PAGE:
There is no means of avoiding the final collapse of a boom brought about by credit expansion. The alternative is only whether the crisis should come sooner as the result of a voluntary abandonment of further credit expansion, or later as a final and total catastrophe of the currency system involved.

Ludwig von Mises


The Austrian Business Cycle Theory (ABCT) elaborates on booms and busts that are happening in the economy. As you might have guessed if you don’t know already, this series of booms and busts is known as the business cycle. ABCT was originally developed by Ludwig von Mises in his 1912 book Theory of Money and Credit.  It built on the “monetary theory” of the business cycle which was developed by English classical economist David Ricardo and his followers. From this, the Austrians developed their own monetary malinvestment theory of the business cycle. Not only were Austrians able to explain the phenomena explicated by the Ricardian theory, but also the apparent entrepreneurial “bundle of errors” and the greater intensity of capital goods’ cycles.

Unfortunately, we won’t get into the indepth analysis of the theory from the Ricardians here, as there would be far too much to go into without straying far afield of our focus. Additionally, there are a number of other schools with their own business cycle theories as well. For further detail, information on some suggested material has been included below.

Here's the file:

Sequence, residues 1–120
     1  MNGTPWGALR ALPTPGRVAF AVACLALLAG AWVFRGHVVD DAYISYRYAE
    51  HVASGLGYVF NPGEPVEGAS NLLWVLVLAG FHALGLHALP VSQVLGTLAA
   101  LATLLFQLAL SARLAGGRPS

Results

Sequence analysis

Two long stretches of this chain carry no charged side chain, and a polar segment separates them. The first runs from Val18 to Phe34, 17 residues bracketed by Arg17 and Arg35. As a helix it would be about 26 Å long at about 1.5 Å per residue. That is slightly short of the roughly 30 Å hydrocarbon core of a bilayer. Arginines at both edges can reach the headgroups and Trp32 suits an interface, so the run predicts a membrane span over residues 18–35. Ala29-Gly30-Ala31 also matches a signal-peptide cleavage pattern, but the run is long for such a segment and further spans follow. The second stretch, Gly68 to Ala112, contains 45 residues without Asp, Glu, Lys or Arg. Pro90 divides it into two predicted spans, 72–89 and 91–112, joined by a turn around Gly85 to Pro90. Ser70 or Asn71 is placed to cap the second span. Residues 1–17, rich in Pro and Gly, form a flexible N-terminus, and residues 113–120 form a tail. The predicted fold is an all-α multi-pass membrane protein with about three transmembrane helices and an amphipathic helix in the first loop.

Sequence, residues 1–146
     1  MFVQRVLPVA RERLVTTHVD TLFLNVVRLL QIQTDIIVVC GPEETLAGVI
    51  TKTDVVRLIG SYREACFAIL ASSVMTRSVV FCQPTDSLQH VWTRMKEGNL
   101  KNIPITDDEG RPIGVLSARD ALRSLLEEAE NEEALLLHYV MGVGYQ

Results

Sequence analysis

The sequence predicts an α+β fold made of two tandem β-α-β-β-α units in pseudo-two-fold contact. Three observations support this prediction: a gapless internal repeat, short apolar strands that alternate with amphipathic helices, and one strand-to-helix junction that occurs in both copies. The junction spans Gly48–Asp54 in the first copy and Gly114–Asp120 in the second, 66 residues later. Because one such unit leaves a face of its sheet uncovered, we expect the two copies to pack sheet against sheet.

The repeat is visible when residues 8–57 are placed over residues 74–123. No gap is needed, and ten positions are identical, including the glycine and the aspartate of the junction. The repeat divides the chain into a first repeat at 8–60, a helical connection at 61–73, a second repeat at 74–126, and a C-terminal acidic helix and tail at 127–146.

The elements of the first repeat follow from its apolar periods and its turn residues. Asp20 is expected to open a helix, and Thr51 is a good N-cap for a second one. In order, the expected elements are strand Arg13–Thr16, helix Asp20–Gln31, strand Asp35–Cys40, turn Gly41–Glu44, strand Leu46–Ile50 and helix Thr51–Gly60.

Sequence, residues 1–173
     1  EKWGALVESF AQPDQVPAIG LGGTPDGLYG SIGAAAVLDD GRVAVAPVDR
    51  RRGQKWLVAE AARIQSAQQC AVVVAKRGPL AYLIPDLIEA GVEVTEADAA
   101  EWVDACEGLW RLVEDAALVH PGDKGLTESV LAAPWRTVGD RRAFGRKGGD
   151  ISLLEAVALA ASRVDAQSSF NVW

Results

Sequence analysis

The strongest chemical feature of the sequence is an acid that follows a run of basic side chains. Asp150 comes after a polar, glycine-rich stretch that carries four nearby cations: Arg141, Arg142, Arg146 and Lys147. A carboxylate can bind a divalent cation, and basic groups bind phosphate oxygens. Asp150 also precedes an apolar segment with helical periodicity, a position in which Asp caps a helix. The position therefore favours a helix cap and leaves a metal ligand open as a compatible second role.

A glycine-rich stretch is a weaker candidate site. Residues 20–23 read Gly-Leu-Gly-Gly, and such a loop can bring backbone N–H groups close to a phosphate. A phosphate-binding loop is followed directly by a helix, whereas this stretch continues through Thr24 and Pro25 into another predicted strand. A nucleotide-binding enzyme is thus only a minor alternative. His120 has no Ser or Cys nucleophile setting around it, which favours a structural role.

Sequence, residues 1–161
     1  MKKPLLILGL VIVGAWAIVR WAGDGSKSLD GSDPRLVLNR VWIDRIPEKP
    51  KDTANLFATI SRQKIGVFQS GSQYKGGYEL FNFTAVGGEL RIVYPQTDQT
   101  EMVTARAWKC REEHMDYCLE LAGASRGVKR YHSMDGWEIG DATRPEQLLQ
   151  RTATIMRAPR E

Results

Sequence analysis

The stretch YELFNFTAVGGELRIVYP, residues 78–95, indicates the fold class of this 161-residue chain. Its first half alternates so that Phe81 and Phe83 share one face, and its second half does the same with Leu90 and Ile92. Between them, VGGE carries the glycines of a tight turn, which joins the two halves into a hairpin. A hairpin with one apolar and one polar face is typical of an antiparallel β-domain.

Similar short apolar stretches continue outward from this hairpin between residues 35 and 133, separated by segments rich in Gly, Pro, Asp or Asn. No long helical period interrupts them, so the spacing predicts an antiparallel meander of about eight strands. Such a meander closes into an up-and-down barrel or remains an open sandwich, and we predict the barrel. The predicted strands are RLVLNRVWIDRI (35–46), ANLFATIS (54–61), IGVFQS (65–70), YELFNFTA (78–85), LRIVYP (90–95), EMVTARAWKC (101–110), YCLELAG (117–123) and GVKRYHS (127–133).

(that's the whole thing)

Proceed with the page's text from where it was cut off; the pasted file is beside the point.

The gist of the ABCT is that monetary inflation (expansion of the money supply) is the source of the boom, and the bust is the inevitable, necessary, painful, but healthy rewinding of malinvestments, and realignment of misallocated resources that characterized the boom. The question some would have, then, is “What about monetary inflation causes malinvestment and misallocation, and why do Austrians consider the economic cycle to be an inevitable result of it?” For the sake of simplicity, and the fact that it is still somewhat fresh in our minds, I think it best to answer that by applying it to the 2008 iteration of the cycle, what we know as the 2008 Financial Crisis. Now, as always with historical economic analysis, there will be plenty of complicating factors the relevance of which we can’t hope to agree on, so my purpose here is to shed light on Austrian Business Cycle Theory, not to try to demonstrate that 2008 confirms the theory. Here we go.

It’s easiest to begin with the previous iteration of the cycle, which concluded in 2001. Equipped beforehand with the ABCT, you could have seen the tech bubble coming, but would not have been able to predict into which sector all the new money would be going. However, once tech stocks and startups started to inflate, you would have seen it for what it was: a bubble that had to burst, a boom that had to bust. The Fed’s response to that bust was the same as (almost) always: more money, in a vain attempt to prop up the artificially high stock prices and low interest rates. It kept up these loose monetary policies for some time, creating the conditions for the next boom.